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Open Access Highly Accessed Research article

Regulation of MYCN expression in human neuroblastoma cells

Joannes FM Jacobs124, Hans van Bokhoven3, Frank N van Leeuwen2, Christina A Hulsbergen-van de Kaa5, I Jolanda M de Vries12, Gosse J Adema1, Peter M Hoogerbrugge2 and Arjan PM de Brouwer3*

Author Affiliations

1 Department of Tumor Immunology, Nijmegen Centre for Molecular Life Sciences, Nijmegen, the Netherlands

2 Department of Pediatric Hemato-Oncology, Radboud University Nijmegen Medical Centre, Nijmegen, the Netherlands

3 Department of Human Genetics, Radboud University Nijmegen Medical Centre, Nijmegen Centre for Molecular Life Sciences, Donders Institute for Brain, Cognition and Behaviour, P.O. Box 9101, 6500 HB Nijmegen, the Netherlands

4 Department of Bloodtransfusion and Transplantation Immunology, University Nijmegen Medical Centre, Nijmegen, the Netherlands

5 Department of Pathology, Radboud University Nijmegen Medical Centre, Nijmegen, the Netherlands

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BMC Cancer 2009, 9:239  doi:10.1186/1471-2407-9-239

Published: 18 July 2009

Abstract

Background

Amplification of the MYCN gene in neuroblastoma (NB) is associated with a poor prognosis. However, MYCN-amplification does not automatically result in higher expression of MYCN in children with NB. We hypothesized that the discrepancy between MYCN gene expression and prognosis in these children might be explained by the expression of either MYCN-opposite strand (MYCNOS) or the shortened MYCN-isoform (ΔMYCN) that was recently identified in fetal tissues. Both MYCNOS and ΔMYCN are potential inhibitors of MYCN either at the mRNA or at the protein level.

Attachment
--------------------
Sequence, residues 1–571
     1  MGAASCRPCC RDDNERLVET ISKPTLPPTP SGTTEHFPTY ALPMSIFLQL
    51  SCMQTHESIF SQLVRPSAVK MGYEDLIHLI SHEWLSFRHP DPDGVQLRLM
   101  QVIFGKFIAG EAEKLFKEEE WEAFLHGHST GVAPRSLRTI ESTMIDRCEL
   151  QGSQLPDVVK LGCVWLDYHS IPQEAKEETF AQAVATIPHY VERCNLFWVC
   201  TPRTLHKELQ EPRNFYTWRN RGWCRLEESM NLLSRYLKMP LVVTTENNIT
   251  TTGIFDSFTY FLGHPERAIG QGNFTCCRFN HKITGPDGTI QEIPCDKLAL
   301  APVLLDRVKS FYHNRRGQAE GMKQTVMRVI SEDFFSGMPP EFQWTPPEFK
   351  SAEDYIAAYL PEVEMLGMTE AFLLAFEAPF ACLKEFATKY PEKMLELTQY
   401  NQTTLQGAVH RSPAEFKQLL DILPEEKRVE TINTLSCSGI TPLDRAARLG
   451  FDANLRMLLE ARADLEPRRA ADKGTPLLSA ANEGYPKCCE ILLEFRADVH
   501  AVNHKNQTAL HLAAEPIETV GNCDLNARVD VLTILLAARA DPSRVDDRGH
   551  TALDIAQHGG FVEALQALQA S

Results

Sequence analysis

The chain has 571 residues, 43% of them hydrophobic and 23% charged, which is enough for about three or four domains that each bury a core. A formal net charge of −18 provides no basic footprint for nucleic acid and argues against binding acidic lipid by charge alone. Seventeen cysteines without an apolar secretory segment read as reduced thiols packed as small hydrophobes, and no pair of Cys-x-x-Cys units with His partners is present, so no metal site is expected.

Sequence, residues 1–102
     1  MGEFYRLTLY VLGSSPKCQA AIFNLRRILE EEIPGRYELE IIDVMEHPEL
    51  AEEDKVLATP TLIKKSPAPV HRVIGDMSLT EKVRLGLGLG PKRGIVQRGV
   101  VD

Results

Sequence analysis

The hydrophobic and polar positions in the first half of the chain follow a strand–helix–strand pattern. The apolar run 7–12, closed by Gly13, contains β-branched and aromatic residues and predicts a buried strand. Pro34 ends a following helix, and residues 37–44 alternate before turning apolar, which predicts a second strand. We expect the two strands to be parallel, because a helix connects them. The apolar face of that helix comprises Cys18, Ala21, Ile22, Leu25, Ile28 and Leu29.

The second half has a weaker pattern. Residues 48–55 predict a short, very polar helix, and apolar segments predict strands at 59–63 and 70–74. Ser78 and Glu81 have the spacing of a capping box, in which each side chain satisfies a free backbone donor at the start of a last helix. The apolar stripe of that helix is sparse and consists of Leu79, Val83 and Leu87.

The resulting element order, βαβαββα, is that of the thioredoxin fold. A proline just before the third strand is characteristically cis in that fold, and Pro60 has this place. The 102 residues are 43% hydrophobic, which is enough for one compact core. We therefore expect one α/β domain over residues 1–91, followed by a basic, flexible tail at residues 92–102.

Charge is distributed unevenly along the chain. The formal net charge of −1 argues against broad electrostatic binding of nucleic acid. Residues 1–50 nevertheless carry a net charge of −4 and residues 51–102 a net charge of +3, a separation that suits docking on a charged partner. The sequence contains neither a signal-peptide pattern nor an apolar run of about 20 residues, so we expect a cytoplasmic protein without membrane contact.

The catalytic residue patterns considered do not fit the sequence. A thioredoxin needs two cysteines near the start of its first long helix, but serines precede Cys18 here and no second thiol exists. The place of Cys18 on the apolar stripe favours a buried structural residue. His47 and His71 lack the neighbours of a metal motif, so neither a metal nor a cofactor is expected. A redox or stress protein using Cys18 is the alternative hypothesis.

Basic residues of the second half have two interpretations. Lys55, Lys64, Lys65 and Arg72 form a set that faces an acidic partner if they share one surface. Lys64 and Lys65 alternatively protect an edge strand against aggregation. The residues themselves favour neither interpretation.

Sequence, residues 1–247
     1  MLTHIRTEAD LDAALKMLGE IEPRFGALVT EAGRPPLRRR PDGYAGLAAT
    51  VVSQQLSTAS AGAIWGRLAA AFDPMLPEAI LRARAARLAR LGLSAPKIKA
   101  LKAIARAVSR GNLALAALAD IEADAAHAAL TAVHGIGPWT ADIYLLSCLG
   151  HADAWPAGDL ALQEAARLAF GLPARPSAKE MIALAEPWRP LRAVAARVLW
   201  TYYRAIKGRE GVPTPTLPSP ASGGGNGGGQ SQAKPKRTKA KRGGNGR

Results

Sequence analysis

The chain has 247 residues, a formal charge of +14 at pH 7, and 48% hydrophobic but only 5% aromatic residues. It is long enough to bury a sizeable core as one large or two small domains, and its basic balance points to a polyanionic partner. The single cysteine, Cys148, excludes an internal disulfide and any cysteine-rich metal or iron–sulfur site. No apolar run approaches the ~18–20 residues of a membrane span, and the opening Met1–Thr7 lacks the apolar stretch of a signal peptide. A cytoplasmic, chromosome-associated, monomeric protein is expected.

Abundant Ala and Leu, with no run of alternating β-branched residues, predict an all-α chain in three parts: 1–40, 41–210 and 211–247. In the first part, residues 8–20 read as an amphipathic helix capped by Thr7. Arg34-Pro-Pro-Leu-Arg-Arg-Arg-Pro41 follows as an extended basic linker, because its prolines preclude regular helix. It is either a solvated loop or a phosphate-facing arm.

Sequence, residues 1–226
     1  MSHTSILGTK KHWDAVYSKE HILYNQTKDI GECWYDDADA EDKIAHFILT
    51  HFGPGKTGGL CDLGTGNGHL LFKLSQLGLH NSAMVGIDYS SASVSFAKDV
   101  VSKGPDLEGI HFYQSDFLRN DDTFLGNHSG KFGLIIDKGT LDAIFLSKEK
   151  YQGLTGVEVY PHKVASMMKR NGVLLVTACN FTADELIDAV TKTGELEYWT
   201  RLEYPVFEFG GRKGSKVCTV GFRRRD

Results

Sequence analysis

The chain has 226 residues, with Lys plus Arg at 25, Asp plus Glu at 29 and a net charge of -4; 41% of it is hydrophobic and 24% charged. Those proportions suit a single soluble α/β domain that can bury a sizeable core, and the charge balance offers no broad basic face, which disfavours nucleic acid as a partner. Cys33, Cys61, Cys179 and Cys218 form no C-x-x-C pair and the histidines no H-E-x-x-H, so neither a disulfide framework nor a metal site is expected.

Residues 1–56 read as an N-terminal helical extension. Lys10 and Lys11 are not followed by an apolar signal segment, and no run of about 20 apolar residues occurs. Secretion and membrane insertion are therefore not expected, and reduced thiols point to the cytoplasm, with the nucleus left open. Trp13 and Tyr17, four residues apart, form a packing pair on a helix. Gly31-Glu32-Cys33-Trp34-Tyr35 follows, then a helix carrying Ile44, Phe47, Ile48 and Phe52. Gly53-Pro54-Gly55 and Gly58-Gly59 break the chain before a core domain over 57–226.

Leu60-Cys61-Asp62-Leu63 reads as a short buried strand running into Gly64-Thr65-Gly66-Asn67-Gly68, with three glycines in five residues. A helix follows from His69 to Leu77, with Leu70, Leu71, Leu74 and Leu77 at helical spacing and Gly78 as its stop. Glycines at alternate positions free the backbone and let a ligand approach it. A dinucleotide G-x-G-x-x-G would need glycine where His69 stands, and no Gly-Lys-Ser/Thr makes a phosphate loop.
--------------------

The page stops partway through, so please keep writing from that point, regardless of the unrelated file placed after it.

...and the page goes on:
Methods

Expression of MYCN, MYCNOS and ΔMYCN was measured in human NB tissues of different stages. Transcript levels were quantified using a real-time reverse transcriptase polymerase chain reaction assay (QPCR). In addition, relative expression of these three transcripts was compared to the number of MYCN copies, which was determined by genomic real-time PCR (gQPCR).

Results

Both ΔMYCN and MYCNOS are expressed in all NBs examined. In NBs with MYCN-amplification, these transcripts are significantly higher expressed. The ratio of MYCN:ΔMYCN expression was identical in all tested NBs. This indicates that ΔMYCN and MYCN are co-regulated, which suggests that ΔMYCN is not a regulator of MYCN in NB. However, the ratio of MYCNOS:MYCN expression is directly correlated with NB disease stage (p = 0.007). In the more advanced NB stages and NBs with MYCN-amplification, relatively more MYCNOS is present as compared to MYCN. Expression of the antisense gene MYCNOS might be relevant to the progression of NB, potentially by directly inhibiting MYCN transcription by transcriptional interference at the DNA level.

Conclusion

The MYCNOS:MYCN-ratio in NBs is significantly correlated with both MYCN-amplification and NB-stage. Our data indicate that in NB, MYCN expression levels might be influenced by MYCNOS but not by ΔMYCN.